A diverting, popular history of the first men and women who scrambled among the Alps, from Time-Life editor and novelist Fleming (Barrow’s Boys, p. 322).
As the author tells it, the first explorers to the Alps were more likely to be carrying crucifixes and charms than ropes and ice axes. As late as the 1930s, the mountains were shrouded in myth and superstition and seen as a land of interstellar cold, bearded vultures, dragons, aliens, and at least one “black goat that rose up from the abyss” to bite the legs of mountaineers. But “doing mad things in strange surroundings” is what explorers are all about, and the Alps witnessed more than their share, seemingly all introduced here by Fleming. Much of the early activity in the mountains revolved around Mount Blanc and the jealousies, rivalries, and backstabbings that accompanied the first attempts on the peak (eventually scaled by Michel Paccard in 1786), which ushered in the modern age of mountaineering. Brisk and informal, the author goes on to tell of the parade of royalty that swept into the region, and of Shelley’s and Byron’s disparaging comments on the Swiss. There are profiles of the well-known scientists who came to study the mountains (from Louis Agassiz to James Forbes), along with numerous comments snipped from the letters and journals of various unknowns. We close with Edmund Whymper’s ascent of the Matterhorn and the deadly struggle to climb the north face of the Eiger.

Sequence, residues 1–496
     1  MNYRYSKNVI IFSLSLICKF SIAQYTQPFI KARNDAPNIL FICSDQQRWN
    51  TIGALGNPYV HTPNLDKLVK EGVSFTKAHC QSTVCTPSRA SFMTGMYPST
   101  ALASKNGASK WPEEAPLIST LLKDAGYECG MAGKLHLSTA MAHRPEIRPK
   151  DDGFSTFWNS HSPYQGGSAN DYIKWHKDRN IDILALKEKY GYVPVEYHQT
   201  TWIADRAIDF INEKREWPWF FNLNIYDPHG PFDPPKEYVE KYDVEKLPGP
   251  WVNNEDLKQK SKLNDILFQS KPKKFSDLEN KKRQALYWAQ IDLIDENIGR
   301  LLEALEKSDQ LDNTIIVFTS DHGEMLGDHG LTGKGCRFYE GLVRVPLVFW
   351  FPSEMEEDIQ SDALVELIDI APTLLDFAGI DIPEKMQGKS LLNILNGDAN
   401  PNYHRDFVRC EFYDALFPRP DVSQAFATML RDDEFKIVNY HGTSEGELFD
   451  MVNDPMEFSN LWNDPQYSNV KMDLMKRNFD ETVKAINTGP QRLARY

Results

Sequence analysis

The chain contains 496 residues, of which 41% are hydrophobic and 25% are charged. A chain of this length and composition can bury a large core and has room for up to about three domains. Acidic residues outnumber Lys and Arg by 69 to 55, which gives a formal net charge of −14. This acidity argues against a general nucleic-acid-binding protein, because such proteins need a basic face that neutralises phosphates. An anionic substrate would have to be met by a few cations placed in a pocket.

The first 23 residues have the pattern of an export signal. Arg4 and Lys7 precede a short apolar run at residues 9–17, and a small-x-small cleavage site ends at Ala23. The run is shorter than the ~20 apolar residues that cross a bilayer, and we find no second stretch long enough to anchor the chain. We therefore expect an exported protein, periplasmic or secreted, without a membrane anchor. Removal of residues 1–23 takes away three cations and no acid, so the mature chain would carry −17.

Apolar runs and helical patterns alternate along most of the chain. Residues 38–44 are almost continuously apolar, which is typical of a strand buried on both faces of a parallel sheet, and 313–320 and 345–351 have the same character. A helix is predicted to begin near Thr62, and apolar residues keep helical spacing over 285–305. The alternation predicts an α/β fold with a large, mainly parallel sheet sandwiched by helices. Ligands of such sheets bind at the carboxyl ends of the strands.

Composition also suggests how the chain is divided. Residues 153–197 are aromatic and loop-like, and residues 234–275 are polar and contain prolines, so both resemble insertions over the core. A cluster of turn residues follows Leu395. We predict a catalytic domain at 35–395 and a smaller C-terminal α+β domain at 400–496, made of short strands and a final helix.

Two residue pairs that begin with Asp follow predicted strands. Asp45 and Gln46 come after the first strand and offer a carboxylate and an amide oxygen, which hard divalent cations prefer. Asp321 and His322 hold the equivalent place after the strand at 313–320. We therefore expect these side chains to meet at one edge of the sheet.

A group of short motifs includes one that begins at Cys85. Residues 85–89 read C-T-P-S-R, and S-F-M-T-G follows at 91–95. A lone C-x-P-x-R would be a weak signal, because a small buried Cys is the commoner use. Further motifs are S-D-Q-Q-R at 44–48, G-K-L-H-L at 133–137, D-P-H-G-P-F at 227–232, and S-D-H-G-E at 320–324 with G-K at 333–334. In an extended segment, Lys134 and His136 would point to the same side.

A fine job: Fleming makes it clear that the climbers climbed for many reasons, but almost always returned with good stories to tell.